Monday, June 2, 2008

The one who "got" to me

They say that in your career you'll have at least one patient who "gets" to you. One who you become quite close to and that you never forget. That happened to me early in my career. He was this young Chinese man in his early 30's. He had chronic lymphacytic leukemia (CLL).

In the beginning looking at him you'd never even know he was sick. He came into the hospital almost monthly back when I worked on the med/surg/oncology floor. Somehow I seemed to always be assigned to him so we built quite the rapport. His wife worked an odd shift and got off around 1am and would come to see him each night after she got off so I got to know her pretty well too. What a sweet story they had....

He came to the US from China in his 20's. She was still in China when they "met" and they courted over the phone and were soon engaged. The plan was for her to move to the US and for them to be married. The day he found out about his CLL he called her and tried to break things off. She outright refused even when he told her he would probably die from this.

The doctors here told him that he had a good chance of going into remission if he would undergo a bone marrow transplant. None of the few family members he had in the US matched and the ones in China couldn't be tested. He was unwilling to take an unrelated donor specimen. The chemo unfortunately wasn't enough.

Over the months as I took care of him multiple times I watched him slowly decline. He always asked if I was working and wanted to sit and chat if I had time. I remember one night he told me that he was going to have an ultrasound in the morning as his abdomen had gotten quite hard and swollen. Trying to still have a sense of humor despite his pain and suffering he told me that "they are going to take a look at the baby in there!" As usual he had me in stitches.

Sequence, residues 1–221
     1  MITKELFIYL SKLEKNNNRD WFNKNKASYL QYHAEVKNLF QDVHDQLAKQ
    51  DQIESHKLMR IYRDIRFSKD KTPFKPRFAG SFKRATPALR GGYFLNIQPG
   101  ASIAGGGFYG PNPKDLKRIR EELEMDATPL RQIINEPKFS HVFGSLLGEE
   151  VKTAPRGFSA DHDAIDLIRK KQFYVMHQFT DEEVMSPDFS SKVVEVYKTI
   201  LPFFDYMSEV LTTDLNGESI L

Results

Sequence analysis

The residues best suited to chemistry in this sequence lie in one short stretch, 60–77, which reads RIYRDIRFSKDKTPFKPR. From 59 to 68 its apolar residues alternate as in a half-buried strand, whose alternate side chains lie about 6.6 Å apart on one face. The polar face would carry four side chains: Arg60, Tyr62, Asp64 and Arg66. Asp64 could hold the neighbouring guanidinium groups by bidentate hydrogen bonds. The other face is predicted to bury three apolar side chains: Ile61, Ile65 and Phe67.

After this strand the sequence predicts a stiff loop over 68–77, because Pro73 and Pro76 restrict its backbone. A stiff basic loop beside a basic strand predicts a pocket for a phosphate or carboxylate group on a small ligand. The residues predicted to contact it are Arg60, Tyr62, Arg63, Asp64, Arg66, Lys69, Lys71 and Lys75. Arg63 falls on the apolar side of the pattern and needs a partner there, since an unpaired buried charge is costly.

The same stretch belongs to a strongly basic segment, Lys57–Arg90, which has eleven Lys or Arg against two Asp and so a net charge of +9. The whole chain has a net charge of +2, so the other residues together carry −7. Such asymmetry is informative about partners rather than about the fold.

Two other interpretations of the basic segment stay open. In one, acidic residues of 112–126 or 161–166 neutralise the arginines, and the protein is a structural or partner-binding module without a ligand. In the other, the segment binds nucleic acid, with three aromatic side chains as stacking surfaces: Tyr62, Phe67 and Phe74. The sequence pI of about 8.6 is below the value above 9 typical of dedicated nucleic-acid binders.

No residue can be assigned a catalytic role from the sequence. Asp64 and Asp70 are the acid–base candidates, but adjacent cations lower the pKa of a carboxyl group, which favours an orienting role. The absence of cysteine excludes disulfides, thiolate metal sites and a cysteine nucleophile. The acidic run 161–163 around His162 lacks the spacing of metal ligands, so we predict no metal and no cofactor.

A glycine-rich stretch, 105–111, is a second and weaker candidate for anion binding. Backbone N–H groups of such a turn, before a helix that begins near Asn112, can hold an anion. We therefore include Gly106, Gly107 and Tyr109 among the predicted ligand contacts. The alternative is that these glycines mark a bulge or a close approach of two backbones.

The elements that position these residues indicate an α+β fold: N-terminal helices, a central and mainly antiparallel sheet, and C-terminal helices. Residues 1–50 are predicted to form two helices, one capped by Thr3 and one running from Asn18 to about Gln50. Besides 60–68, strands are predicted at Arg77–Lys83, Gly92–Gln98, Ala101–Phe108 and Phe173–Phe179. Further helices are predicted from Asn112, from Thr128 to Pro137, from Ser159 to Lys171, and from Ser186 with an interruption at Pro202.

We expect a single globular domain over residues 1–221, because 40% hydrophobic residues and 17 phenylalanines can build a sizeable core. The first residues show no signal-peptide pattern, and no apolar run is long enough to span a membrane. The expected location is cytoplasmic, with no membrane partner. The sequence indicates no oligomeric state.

One night as his disease process progressed and I didn't have him another nurse called me to his room to help her and it sounded serious. There he was in the bed having a grand mal seizure. I had such a hard time helping as it was almost like I was seeing a family member at that point. For a minute I didn't know what to do. Then the nurse in me kicked in and I was able to help my colleague with stabilizing him. Unfortunately his wife was there to witness the whole thing.

I dreaded going into work as his death became more imminent. I wasn't sure I could handle being there when he died. They talked and talked about not becoming too close to patients in nursing school for just this reason and here I was in my first year as a nurse and it was already happening. I wasn't sure I was cut out for this. I had a long talk with some of my coworkers about it all and they reassured me that you will always have at least one patient in your career that this happens with. As long as it isn't all of them then it's OK. I guess I just got mine out of the way early. This man died on the day shift and as selfish as it is I was happy that it happened then. I was completely devastated and I really don't think I could have handled being there for it. Since then I have become close with other patients but never like this.


Sader said...

Doesn't everyone say not on my shift about the immenent deaths? Maybe it's a med/surg thing, but then again my floor has practically become a hosptice lately and we are mostly glad when it's someone else's patient. It's hard to deal with the grieving families whether you liked the patient or not...

Tracey said...

Actually sader I usually don't mind dying patients. Not that I enjoy death but I tend to do well with the grieving families for some odd reason.

In this instance it was this particular patient's death I didn't think I could witness.

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